They knock on my basement window. I sneak out through the screen. Two faces, two bodies. Mine makes three. A hint of anticipated disappointment on her face. She cannot forgive me. It was her forehead that drove me away. Her darting tongue-tipped kisses that entice me back. He does not see it, her look away, though he will later condemn her for her silence. They tell me you are waiting.

In that epic blue summer dress, exposed shoulders, freckled skin, store bought black colored hair just touching your shoulder, you sit on the water warped wicker chair in witch pointed shoes, legs crossed, the darkness of another July night spreading out before you. The porch light obscures me from your sight, yet you look up, hearing our unnatural rustling, the rub of our walking, the smell of our skin alerting you.

I follow the cement crack from the steps to the door, left indiscreetly open (television commercials promising complete satisfaction, something sounding like boiling water, Walter’s snoring from the sofa), then to the right where you look at me with eyes that seem all pupil.

“He’ll sleep through noon.” Waking up with angry, tequila fed dreams in his head.

Which doesn’t comfort me. It makes you laugh.

“Let’s walk.”

Behind me I hear her sigh a deep, Marsha sigh. Jeremy grins.

Your hand in mine. Dry, work worn skin is what I offer. You don’t complain.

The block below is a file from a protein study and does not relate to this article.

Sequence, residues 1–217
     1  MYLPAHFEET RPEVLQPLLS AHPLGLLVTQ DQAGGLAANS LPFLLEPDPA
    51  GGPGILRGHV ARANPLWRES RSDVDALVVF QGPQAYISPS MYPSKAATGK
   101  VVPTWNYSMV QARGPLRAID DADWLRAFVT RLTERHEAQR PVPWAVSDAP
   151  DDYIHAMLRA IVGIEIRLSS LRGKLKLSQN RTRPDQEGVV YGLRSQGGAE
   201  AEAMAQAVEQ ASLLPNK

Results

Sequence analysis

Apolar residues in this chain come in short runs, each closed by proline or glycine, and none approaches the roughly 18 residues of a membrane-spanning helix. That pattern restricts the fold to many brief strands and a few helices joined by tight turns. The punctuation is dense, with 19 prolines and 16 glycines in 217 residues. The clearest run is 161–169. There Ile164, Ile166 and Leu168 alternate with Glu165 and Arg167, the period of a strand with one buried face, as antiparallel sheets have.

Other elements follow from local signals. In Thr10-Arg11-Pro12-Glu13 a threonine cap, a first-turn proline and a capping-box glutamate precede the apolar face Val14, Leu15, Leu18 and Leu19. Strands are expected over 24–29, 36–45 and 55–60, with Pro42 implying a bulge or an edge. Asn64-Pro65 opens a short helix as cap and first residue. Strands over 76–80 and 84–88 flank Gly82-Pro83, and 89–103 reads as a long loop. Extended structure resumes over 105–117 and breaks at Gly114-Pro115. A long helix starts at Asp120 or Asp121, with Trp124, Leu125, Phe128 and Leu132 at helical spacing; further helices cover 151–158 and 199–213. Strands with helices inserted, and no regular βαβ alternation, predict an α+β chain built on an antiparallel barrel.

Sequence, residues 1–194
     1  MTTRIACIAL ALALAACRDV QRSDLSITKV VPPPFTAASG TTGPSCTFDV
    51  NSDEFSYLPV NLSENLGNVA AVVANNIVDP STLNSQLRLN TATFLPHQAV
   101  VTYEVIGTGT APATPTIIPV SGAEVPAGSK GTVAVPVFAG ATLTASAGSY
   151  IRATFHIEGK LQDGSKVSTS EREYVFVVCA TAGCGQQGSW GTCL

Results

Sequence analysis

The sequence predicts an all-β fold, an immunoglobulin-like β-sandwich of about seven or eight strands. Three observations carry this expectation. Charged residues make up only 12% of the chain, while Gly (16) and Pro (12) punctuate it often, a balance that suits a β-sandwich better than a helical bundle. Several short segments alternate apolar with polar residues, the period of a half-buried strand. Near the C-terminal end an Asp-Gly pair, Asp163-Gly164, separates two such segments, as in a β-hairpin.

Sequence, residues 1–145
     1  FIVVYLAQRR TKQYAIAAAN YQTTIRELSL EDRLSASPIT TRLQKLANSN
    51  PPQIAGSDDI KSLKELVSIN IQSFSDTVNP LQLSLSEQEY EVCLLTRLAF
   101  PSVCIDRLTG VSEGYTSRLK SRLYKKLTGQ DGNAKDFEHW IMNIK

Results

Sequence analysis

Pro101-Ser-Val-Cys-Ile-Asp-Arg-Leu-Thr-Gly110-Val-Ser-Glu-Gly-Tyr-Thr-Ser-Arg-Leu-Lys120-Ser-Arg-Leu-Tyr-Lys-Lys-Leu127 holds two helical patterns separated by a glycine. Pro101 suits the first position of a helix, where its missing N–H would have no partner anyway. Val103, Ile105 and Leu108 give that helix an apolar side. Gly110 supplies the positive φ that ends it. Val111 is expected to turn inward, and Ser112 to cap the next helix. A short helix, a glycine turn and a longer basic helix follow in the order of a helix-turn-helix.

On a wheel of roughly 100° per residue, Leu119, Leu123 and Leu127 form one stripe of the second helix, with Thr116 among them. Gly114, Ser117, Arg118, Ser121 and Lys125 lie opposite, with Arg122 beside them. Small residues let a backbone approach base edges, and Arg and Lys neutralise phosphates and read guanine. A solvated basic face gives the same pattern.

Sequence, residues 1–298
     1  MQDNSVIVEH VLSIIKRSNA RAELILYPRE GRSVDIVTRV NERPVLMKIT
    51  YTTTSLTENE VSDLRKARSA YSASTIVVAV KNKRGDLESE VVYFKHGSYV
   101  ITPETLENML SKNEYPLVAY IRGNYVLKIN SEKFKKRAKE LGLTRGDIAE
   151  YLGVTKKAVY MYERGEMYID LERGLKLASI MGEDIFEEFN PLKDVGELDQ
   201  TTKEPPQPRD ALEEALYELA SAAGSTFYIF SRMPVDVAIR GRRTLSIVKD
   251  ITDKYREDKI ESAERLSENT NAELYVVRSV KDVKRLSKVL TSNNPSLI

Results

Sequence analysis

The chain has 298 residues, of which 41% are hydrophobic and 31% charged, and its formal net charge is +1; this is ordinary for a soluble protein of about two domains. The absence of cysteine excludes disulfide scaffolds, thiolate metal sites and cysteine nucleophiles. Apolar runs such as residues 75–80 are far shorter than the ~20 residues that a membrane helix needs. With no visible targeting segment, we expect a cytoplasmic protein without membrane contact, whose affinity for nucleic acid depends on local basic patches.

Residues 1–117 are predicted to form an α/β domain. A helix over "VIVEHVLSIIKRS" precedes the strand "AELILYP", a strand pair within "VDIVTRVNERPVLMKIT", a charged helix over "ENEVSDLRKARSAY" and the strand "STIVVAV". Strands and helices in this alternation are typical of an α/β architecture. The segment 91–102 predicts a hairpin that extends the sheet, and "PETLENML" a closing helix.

Last summer, we walk like this up a mountain trail. A sweltering Saturday afternoon and hundreds of others with similar ideas.

“I know a secret path to a secret meadow.”

We take it, winding upwards and away from groups of people, families with children, some younger couples on dates, who follow the popular path toward the waterfall. I hear them shuffle and saunter by, laughing, pleasure filled voices, swinging past and into the trees that quickly mute them. A hollowness lingers. The popping of sticks as they break, a tumble of rocks kicked loose, a breaking down of nature, a change, shifting, as we trespass farther up the mountain, our breathing heavy, sweaty spines and dirty faces.

In the meadow, you show me your tattoos.

I trace the serpent on your wrist.

Now we walk past houses where sleepers dream, past discarded papers, plastic bottles, a length of chicken wire you will later use as a prop, a self portrait, naked and bound. You’re whispers in my ears- “Say my name,” Janelle.

Medusa in all her glory inked on your side and down your hip. I turn to stone.


About Ryan Carty

There are some who call me, Tim?

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